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I needed to add another case fan to an already built system and didn't want to pull it all apart to get to the motherboard fan headers. This was the perfect solution - it draws power from a spare SATA connection and controls a PWM fan. It's small enough to stick out of sight somewhere inside the case and forget about.
In my case I didn't connect the PWM passthrough lead to the motherboard, I only had power going in. The NA-FC1 generated a PWM signal and the fan works fine. Tested with both Noctua and BeQuiet PWM fans.
Like everything Noctua, it's not cheap but you definitely get what you pay for.
Recently purchased a Xeon deskside server (Fujitsu TX1310) for experimenting with virtualisation technology at home, the only place we had room for the server was in the living room and even with bios fan control set to minimal it was too loud. We purchased some noctua fans to try and quieten the server but the server fan control would then ramp the fans up and slow them down every few seconds causing an annoying "woooo" sound every five seconds or so making the machine sound like it was haunted. Purchased these fan controllers and adjusted them down and now the server is finally silent.
I installed this to control the speed of a PC cooling fan which I have installed in a biltong dryer to replace the ridiculously noisy fan that came with it originally. It was easy to install, works smoothly and is perfect for the job.
Honestly wouldn't be without this now. Using it to control 3 x NF-A14 3000rpm industrial PPC fans. When connected to a 4pin PWM fan header on the motherboard it picks up the fan curve and there is a dial to control the total output of the device. I have near silent operation of the some serious fans when using the computer as a desktop and have used the dial to find the sweet spot when gaming. Using the controller seems to have aloud me to get slower low end speeds than the motherboard could deliver. Check your Motherboard manual and see it the system fan connectors are true PWN, if not you might need to get an extra splitter to share the fan curve from the cpu header.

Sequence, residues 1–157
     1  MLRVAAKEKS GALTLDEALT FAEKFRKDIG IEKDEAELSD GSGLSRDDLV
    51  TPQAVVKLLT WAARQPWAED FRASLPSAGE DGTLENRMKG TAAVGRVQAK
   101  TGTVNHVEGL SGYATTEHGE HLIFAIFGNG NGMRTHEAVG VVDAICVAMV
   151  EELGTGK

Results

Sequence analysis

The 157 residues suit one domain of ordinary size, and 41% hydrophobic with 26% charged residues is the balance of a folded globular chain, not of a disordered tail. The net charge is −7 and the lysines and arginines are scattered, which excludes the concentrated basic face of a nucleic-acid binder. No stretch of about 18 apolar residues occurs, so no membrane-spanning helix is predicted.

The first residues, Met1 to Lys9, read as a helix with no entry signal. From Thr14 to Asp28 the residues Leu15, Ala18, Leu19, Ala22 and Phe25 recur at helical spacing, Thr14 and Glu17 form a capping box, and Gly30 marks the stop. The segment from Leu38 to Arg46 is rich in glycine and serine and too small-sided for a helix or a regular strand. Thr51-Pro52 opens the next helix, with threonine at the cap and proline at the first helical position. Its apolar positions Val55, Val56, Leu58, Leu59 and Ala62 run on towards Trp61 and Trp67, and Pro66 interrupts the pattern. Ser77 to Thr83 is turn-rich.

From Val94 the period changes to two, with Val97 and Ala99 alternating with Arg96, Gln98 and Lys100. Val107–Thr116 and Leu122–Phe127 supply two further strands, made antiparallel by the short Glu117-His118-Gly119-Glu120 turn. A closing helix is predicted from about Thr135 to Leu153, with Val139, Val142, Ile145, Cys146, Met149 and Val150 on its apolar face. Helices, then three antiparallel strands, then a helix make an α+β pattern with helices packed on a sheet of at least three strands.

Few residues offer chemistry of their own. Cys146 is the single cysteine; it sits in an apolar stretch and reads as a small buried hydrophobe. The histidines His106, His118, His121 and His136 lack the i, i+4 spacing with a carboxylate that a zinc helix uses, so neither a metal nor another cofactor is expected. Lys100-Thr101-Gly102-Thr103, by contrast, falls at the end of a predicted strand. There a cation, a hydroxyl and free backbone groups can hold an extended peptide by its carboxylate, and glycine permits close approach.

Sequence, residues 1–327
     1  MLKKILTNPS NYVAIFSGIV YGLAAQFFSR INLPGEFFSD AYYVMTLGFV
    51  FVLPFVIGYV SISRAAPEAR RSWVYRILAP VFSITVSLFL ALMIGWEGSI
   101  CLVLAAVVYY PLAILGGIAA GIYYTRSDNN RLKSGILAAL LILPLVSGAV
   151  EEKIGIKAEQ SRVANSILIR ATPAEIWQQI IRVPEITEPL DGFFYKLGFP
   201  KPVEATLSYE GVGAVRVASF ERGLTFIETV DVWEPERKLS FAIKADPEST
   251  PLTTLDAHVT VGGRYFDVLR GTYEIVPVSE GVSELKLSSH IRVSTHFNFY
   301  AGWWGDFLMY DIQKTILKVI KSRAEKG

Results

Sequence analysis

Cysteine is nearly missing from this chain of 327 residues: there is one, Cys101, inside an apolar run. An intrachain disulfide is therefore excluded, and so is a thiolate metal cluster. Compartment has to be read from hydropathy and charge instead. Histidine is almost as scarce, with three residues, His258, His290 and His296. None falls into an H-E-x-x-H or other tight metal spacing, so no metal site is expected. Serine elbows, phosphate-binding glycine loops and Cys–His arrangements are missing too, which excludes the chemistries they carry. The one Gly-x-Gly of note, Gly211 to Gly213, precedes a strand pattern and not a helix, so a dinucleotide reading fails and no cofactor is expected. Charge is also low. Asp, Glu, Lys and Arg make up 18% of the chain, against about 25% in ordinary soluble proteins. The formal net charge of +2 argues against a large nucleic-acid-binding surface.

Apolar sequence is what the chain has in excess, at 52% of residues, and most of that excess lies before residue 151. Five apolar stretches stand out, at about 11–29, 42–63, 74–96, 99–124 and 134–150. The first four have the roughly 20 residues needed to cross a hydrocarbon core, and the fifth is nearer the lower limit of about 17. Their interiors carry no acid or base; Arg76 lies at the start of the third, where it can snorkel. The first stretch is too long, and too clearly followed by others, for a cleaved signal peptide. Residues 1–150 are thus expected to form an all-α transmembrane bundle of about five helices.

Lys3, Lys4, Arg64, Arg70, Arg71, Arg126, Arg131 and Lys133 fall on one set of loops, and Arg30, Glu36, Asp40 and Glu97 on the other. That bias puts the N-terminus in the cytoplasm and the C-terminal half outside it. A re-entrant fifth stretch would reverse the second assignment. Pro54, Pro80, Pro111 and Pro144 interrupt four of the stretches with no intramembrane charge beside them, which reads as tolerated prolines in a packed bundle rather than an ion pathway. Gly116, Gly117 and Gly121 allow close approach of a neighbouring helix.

Purchased to deal with Noctua fans in a Supermicro chassis that would JUST NOT SHUT UP! The Supermicro board doesn’t seem to be able to cope with the fact that premium fans spin slowly, so it keeps interpreting this as a failure and boosting the other fan speeds to compensate, leading to a continuous up and down, up and down, up and down of the fans - incredibly annoying.
Installing the fan controller gives you the option to site it between the motherboard fan controller and the fans, and “tone down” the motherboard fan signals. This leads to a much more balanced and quet operation, without compromising cooling performance.